In addition, under the Davis Act, if people overstay their visas even by a single day, they could be liable for a six-month prison term. The Davis Act criminalizes unlawful presence and permits the prosecution and incarceration of every unauthorized individual at immense cost to the American people. According to Homeland Security, 628,799 people overstayed their visas in 2016. Furthermore, children who have been afforded protection under the Deferred Adjudication for Childhood Arrival Act (DACA) would no longer be exempt from deportation if they knew they were brought here illegally.

The Davis Act includes many provisions that would heighten visa screening procedures and clearly violates due process for individuals who have already been screened and admitted to the United States. Under this act, a lawfully admitted individual whose visa has been revoked could be removed from the United States without any administrative or judicial review of the decision. The Davis Act would also significantly restrict the ability of consular posts to waive the visa interview process, and imposes burdensome and unnecessary requirements on individuals seeking immigration benefits such as a thorough review of all social media and genetic testing of those seeking immigrant visas through a family relationship.

The House Judiciary Committee also passed H.R. 2406, which, together with the Davis Act, authorizes 12,500 more ICE detention or deportation officers, and both bills require officers to be armed with M-4 assault rifles and other weapons. H.R. 2407 would also make E-Verify permanent without implementing any of the important due process protections to ensure authorized workers are not mistakenly identified as being unauthorized. These are common errors in the E-Verify pilot system which have erroneously harmed U.S. workers seeking employment.

There is still a long way to go before these bills become law but they are concerning. These bills would require at least eight Democratic votes in the Senate to pass there, assuming all Republicans support the bills.

More likely to become law is the Anti-Border Corruption Reauthorization Act (H.R. 2213) passed by the House on the evening of June 7, 2017, by a 282 to 137 vote  largely on party lines. H.R. 2213 now moves to the Senate, where the Homeland Security and Government Affairs Committee passed a similar bill S. 595 out of committee last month known as the "Boots on the Border Act."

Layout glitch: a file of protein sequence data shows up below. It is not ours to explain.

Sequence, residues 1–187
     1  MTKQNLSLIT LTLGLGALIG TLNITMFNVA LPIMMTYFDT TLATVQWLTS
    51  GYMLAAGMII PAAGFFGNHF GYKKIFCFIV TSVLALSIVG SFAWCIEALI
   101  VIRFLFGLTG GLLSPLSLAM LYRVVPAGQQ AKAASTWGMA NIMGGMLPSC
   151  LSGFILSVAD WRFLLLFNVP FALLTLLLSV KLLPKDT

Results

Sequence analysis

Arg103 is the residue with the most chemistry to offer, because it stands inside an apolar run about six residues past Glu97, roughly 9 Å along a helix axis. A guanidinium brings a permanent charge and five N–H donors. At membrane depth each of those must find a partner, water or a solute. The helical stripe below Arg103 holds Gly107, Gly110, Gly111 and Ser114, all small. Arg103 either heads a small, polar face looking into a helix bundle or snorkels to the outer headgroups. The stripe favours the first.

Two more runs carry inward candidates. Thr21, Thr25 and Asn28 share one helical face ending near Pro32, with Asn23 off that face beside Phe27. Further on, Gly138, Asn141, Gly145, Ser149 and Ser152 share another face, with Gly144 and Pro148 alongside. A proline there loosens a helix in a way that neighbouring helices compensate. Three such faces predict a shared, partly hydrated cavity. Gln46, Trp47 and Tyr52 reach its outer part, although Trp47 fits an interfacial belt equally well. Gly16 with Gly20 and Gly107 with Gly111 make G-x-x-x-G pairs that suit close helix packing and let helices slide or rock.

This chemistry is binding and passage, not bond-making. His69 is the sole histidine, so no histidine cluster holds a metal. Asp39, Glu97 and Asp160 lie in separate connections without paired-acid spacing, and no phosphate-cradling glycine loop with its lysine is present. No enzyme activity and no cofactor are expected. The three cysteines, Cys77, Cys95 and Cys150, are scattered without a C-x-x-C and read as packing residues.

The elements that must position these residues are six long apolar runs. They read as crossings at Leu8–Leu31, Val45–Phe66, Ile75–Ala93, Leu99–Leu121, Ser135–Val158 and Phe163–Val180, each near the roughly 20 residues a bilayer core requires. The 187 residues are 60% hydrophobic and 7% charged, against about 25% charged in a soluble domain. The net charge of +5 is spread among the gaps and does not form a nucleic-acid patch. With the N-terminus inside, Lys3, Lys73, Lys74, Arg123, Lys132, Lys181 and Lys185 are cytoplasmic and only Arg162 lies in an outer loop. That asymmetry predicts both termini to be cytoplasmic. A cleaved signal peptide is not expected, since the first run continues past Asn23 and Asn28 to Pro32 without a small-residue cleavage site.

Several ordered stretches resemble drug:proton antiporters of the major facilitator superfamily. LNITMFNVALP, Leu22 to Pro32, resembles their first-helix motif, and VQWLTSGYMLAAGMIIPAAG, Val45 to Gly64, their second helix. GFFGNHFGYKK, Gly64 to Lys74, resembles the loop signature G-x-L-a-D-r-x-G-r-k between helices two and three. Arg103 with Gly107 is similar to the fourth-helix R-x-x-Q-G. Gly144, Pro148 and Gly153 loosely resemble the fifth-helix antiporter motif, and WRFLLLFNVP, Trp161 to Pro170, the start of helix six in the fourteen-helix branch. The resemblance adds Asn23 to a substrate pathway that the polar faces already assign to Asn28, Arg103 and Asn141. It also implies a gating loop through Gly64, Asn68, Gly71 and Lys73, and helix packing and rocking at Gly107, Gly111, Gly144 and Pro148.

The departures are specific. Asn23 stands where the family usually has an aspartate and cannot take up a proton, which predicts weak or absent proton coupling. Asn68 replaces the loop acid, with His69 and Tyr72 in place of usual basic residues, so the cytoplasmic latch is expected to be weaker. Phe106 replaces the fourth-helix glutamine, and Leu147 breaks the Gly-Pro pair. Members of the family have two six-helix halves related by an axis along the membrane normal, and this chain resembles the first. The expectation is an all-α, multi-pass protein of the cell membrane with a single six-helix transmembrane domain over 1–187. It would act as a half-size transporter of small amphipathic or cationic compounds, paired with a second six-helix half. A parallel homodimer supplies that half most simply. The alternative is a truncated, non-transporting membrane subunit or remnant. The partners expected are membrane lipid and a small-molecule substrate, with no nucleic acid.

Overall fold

Both bills would weaken the U.S. Customs and Border Protection hiring process by waiving the polygraph examination requirements for certain law enforcement and military applicants. Two-thirds of applicants fail the polygraph. Criticizing these bills, James Tomsheck, former head of the Office of Internal Affairs for CBP stated “I know from first-hand experience that the bills moving in Congress, backed by current CBP leadership desperate to hire more agents, would exacerbate corruption and abusive misconduct by adding unsuitable personnel who conceal criminal pasts …”

The Davis Act would also be extremely expensive. An earlier version of the Davis Act, reported out of the House Judiciary Committee in 2014, received an estimated cost of $23 billion over five years from the Congressional Budget Office. While these bills increase enforcement, of ICE officers and immigration prosecutors, these bills do not address our overburdened immigration courts and the shortage of immigration judges.

Although immigration enforcement is necessary to keep our nation safe, we need comprehensive immigration reform to address both unauthorized and authorized immigration. Enforcement alone will not solve the problems present in our outdated immigration system which has not been revised in 25 years.

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Karen-Lee Pollak is the Managing Attorney at Pollak PLLC located in Dallas, Texas. She is a frequent speaker, author and blogger on immigration issues. She can be reached at karenlp@pollakimmigration or under her twitter handle law_immigration.

Sponsoring an Employee on an H-1B Visa | Public Access File

Posted by Karen-Lee Pollak on Tue, Jun 13, 2017 @ 9:00 AM